True story: Once upon a time, my parents had a pet octopus. His name was Fred. This might seem a little weird to you, after all, the Addams Family had a pet octopus, but no other popular TV family did. But you have to understand that my parents had numerous aquariums and all sorts of ocean-dwellers as pets. Fred was just the tip of the iceburg. Although I never knew Fred, I grew up dealing with aquatic creatures which ranged from feeder goldfish to sea anemones.
Of my two parents, my father is really much more in to the whole ocean and aquarium thing. I've been buying him gifts related to various sea creatures for years, and so this year I decided "Hey, I'll make Dad an octopus!" Christi Friesen's new book had instructions and they looked easy. I decided I'd even get fancy and put said octopus on an Altoids tin, so he'd be functional as well as nifty.
Armed with this confidence, I set off to Wikipedia where I researched octopus, because I really didn't know what color they should be. It turns out that octopus can be any number of colors due to their natural camoflage capabilities. I also learned that octopus are darned scary. They have no bones. They have three hearts. They're scarily intelligent. If they lived for more than a few years, they'd probably have taken over the world by now.
I decided I would make a red octopus, because that would be pretty striking and within the realm of natural cephalopod hues. But then I remembered that because I'm not a huge fan of the color red, I don't actually own any red clay. Drat. So what the heck, I decided I'd go for broke and make the Blue-Ringed Octopus. The funny thing is that I knew exactly how I would make an accurate depiction of those rings in lampwork. Too bad I'm not a lampworker.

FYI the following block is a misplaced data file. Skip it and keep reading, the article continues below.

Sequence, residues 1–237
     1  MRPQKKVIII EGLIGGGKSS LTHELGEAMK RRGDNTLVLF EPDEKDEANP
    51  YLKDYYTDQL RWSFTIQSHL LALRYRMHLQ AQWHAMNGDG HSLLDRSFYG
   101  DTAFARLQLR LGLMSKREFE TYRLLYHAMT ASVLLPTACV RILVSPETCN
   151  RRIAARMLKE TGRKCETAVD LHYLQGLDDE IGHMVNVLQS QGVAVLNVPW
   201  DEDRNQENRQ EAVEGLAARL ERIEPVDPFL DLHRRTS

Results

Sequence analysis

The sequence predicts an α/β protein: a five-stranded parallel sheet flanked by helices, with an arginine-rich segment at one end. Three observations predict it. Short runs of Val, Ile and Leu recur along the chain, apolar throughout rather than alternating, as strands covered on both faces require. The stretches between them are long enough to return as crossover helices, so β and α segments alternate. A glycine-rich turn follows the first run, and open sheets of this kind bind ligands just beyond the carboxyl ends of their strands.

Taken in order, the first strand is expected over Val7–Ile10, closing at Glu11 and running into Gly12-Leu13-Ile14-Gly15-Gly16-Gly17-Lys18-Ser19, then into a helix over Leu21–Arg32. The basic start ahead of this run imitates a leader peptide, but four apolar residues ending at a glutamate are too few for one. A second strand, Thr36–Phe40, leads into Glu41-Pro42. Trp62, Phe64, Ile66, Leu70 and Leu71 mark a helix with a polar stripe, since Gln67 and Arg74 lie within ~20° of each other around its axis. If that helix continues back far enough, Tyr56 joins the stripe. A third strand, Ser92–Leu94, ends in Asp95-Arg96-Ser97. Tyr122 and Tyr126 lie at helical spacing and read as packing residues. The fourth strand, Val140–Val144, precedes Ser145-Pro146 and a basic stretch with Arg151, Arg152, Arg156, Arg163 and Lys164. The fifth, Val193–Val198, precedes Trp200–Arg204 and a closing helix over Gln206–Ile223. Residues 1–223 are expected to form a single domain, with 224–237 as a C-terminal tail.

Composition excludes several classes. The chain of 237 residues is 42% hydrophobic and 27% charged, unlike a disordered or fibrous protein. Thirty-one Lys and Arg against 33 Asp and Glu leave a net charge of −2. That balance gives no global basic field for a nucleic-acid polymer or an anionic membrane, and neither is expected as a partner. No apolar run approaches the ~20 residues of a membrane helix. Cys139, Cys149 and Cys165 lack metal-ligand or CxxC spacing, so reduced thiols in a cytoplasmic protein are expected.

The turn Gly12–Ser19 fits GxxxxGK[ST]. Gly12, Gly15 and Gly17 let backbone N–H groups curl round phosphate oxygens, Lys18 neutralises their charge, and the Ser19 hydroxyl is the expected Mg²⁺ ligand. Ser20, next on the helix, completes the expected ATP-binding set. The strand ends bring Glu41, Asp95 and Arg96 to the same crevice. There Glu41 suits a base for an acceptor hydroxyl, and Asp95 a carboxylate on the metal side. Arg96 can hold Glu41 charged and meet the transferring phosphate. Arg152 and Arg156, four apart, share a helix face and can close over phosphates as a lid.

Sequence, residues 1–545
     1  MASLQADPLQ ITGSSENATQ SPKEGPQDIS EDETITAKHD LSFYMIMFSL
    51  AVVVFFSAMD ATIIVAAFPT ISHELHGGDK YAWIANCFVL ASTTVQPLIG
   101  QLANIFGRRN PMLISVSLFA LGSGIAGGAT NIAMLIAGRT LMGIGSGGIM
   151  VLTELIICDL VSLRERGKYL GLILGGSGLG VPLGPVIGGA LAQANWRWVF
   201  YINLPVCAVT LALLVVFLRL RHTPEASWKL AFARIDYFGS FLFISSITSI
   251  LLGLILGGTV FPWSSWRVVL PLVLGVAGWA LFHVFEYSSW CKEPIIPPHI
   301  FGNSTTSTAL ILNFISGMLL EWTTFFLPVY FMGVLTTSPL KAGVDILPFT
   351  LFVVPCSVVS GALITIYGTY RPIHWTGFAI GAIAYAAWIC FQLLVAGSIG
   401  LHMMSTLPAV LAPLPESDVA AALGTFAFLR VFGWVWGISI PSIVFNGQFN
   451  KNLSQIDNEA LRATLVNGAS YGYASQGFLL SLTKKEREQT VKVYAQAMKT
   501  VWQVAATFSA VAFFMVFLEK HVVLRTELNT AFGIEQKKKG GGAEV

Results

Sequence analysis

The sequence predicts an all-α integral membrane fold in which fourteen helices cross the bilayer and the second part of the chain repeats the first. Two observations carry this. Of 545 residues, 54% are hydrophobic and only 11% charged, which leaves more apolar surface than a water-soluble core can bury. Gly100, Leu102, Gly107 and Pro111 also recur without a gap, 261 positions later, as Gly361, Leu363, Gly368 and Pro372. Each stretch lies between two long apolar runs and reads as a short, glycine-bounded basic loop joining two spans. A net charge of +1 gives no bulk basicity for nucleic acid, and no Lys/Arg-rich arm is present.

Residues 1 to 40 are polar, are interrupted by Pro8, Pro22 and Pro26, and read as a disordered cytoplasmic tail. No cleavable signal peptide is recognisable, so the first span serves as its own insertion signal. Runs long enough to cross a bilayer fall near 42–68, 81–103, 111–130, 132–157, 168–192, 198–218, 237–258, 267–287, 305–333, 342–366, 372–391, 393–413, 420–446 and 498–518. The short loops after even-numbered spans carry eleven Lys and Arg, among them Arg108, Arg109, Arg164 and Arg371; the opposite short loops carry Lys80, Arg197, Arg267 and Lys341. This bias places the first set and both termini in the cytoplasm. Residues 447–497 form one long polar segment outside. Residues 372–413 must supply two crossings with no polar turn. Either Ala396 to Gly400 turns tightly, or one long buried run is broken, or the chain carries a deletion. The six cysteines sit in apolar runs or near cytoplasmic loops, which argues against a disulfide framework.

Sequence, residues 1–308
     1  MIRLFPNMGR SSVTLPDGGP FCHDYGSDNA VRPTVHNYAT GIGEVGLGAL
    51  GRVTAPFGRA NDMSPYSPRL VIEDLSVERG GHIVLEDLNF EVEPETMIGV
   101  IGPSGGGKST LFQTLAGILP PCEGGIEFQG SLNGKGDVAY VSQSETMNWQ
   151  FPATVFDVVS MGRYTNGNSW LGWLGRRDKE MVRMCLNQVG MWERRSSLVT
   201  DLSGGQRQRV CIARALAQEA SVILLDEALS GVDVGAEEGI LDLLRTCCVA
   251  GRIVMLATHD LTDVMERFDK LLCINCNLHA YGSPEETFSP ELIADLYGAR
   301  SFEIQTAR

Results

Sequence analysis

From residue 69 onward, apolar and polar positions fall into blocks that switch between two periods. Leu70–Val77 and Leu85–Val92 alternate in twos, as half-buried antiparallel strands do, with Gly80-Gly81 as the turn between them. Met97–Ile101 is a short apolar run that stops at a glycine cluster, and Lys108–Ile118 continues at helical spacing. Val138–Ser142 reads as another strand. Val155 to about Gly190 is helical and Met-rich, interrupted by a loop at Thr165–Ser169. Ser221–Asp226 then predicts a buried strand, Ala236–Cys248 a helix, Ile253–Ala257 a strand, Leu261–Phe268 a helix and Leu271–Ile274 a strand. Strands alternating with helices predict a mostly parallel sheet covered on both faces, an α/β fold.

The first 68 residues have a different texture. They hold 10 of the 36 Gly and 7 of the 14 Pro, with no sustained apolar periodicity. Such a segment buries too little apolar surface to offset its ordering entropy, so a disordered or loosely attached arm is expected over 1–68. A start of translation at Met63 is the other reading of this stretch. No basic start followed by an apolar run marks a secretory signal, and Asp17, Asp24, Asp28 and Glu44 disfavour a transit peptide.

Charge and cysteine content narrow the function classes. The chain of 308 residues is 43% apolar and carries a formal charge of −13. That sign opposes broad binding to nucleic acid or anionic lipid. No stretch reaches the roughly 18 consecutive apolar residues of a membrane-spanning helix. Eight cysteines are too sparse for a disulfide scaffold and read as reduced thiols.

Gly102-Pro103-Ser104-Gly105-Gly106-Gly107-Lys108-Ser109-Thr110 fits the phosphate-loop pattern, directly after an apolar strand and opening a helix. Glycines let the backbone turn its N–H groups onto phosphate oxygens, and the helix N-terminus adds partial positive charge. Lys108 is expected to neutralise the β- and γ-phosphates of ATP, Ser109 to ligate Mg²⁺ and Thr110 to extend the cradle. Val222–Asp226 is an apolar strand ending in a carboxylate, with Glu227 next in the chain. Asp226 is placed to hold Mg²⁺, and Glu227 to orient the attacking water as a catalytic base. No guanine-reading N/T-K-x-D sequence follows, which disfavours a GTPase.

I could go on at length about the difficulties I encountered while making this octopus. I could complain about the brittle translucent clay, the way the suckers kept falling off, or the fact that the best way I could come up with to make the rings was to make a tiny ball of blue pearl clay, flatten it out, and then poke a hole in with a sharp little tool (with the dot resting on my fingertip, which also often got poked) and then wiggle the tool around to enlarge the hole. I could even mention the fact that the octopus developed a few cracks when I baked him.
But you know what? The important thing is that my Dad opened his present and loved it, started talking about how cool octopus in general were and how beautiful blue-ringed octopus were. It was a good feeling, just like being a kid again and having either one of my parents say nice things about the drawing I did, or the little chunk of loomed beadwork, or the short, short stories I used to write.
So there you have it, my tale of octopus creation. I might make another one someday, for Chris who also loves octopus, but I'll be using a different clay blend which will hopefully behave better. I also had an idea this week for how to make a nautilus, so I might try that soon.
I'm going to go ahead and end this post now, before I decide to go off on a rant about my personal life, so I'm going to leave you with today's Cool Thing, which is the Vampire Squid. All this research on Wikipedia, by the way, has convinced me that the vast majority of what lives in the ocean is creepy. I'm never going to the beach again!